Savings banks claim a new set of victims: Staff

Home > Business > Finance

print dictionary print

Savings banks claim a new set of victims: Staff

As most of the savings banks suspended in 2011 find new owners, their employees are emerging as additional victims of the crisis - many are increasingly in danger of losing their job.

Some banking groups that have acquired defunct savings banks are moving to cut workforces or transfer workers to temporary contracts in order to restructure their operations with depleted assets.

Clean-up operations from last year’s crisis are already in full swing, and 10 of the 16 suspended banks have been sold to new owners or are due to pass the bidding process this month, according to the Korea Deposit Insurance Corporation.

With financial holding companies having acquired a major portion of these suspended banks at the government’s request, depositors can look forward to the resumption of business in the near future.

However, this has not been such pleasant news for the employees of these savings banks. Hana Financial Group, chosen as the preferred bidder to acquire the remnants of Jeil II and Ace savings banks, interviewed 100 staff from both banks on Monday before reviewing the balance sheets from today.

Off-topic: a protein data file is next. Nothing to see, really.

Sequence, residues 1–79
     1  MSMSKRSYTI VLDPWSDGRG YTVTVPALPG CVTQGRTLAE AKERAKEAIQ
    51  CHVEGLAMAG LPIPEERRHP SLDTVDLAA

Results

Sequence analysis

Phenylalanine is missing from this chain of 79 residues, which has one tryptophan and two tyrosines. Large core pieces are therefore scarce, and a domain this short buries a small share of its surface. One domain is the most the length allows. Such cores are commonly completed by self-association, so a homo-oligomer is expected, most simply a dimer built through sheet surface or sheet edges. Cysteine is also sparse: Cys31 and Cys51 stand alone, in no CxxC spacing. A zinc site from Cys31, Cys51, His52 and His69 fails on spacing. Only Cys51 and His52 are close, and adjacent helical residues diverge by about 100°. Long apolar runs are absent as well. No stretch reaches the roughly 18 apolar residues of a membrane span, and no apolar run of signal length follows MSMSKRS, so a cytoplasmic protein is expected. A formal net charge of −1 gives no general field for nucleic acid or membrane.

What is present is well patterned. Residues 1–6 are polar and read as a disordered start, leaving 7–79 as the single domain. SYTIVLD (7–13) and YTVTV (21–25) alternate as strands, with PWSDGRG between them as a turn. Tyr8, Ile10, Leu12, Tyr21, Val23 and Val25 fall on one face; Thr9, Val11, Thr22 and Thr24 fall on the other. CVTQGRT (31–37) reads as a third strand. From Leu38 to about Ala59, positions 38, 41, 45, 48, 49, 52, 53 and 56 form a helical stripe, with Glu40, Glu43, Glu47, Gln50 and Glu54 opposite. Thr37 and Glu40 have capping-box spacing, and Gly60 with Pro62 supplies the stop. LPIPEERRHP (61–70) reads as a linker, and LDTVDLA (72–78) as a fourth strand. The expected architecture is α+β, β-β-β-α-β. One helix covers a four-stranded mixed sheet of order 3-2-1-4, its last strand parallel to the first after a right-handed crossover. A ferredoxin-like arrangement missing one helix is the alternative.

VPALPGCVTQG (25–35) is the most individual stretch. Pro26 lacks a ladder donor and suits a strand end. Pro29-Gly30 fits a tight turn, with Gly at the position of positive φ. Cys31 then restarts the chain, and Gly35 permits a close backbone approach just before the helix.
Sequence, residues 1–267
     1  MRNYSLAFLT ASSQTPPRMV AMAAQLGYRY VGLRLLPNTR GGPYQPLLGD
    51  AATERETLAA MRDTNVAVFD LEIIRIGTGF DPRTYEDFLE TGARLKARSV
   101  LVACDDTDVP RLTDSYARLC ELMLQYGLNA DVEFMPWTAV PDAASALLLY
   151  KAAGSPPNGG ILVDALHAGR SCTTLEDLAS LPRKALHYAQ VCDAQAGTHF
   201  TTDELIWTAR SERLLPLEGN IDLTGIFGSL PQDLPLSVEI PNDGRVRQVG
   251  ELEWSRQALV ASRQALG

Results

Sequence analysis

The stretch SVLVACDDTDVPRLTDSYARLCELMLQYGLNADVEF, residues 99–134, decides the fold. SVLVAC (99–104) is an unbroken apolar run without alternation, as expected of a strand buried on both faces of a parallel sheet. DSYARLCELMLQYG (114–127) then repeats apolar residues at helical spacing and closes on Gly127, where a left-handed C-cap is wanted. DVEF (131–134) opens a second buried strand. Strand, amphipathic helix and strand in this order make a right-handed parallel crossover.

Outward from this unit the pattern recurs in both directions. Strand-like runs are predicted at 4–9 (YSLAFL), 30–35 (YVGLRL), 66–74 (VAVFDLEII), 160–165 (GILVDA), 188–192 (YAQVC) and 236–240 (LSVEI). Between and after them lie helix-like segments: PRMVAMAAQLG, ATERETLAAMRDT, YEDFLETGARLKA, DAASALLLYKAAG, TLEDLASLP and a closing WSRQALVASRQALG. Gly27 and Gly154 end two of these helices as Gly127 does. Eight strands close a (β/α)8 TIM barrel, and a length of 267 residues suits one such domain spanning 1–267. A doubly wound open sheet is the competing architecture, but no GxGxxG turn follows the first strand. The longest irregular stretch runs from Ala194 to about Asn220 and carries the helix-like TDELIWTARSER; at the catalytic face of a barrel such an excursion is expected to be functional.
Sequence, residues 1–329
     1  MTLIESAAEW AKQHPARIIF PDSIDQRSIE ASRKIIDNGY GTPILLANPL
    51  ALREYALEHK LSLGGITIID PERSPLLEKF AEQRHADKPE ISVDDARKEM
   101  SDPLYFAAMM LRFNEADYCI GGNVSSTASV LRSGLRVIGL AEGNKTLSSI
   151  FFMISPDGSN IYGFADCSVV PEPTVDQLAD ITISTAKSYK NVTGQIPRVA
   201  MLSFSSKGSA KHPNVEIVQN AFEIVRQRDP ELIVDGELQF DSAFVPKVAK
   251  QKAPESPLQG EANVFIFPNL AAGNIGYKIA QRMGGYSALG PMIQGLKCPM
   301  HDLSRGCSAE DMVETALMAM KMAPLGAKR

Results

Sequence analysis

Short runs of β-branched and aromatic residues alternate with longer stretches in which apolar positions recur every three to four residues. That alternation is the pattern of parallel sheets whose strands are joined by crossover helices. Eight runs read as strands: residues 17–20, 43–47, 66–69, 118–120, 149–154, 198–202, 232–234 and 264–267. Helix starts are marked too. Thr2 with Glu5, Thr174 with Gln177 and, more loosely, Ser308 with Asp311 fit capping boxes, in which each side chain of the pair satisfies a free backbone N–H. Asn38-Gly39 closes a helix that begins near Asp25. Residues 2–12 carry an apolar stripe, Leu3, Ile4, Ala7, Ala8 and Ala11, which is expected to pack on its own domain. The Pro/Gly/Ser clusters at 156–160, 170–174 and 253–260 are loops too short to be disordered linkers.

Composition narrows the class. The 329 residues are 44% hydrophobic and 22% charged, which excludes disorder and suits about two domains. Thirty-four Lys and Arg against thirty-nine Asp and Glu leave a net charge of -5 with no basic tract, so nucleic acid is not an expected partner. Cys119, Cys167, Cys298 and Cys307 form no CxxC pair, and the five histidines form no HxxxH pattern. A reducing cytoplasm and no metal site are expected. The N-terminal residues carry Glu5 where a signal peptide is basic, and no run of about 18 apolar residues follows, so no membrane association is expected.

Although a spokesperson for Hana Financial said yesterday it was too early to discuss personnel changes before the review began, an employee of Ace Savings Bank told Yonhap that “a substantial number of employees have already succumbed to anxiety and moved to other savings banks or other second-tier financial companies.”

KB Financial Group, which has acquired and renamed Jeil Savings Bank as KB Savings Bank, has reportedly made it company policy to only keep a certain number of employees in proportion to the companies’ assets.

“Jeil Savings Bank, which has 200 employees, has fewer assets than a single branch of Kookmin Bank with 20 to 30 employees,” said an official of KB Financial Group. “We cannot accept a workforce of this size, so it is inevitable that some will be hired at temporary workers.”

At Tomato Savings Bank, now acquired by Shinhan Financial Group, 30 of its 160 employees have been relocated to bankruptcy management operations and given 10 percent paycuts, with slim prospects of returning to their former positions.

However, there are exceptions. Woori Financial, which acquired Samhwa Savings Bank early last year and renamed it Woori FG Savings Bank, has made almost all of its temporary workers into full time staff.

By Lee Jung-yoon []

More in Finance

Dollar's weakness pushes won to 30-month high

Kospi hits another high on chipmaker optimism

Eight companies agree to share credit card data

Loans to self-employed grow at slower pace in third quarter

Credit card payments in Korea rise in October on year

Log in to Twitter or Facebook account to connect
with the Korea JoongAng Daily
help-image Social comment?
lock icon

To write comments, please log in to one of the accounts.

Standards Board Policy (0/250자)

What’s Popular Now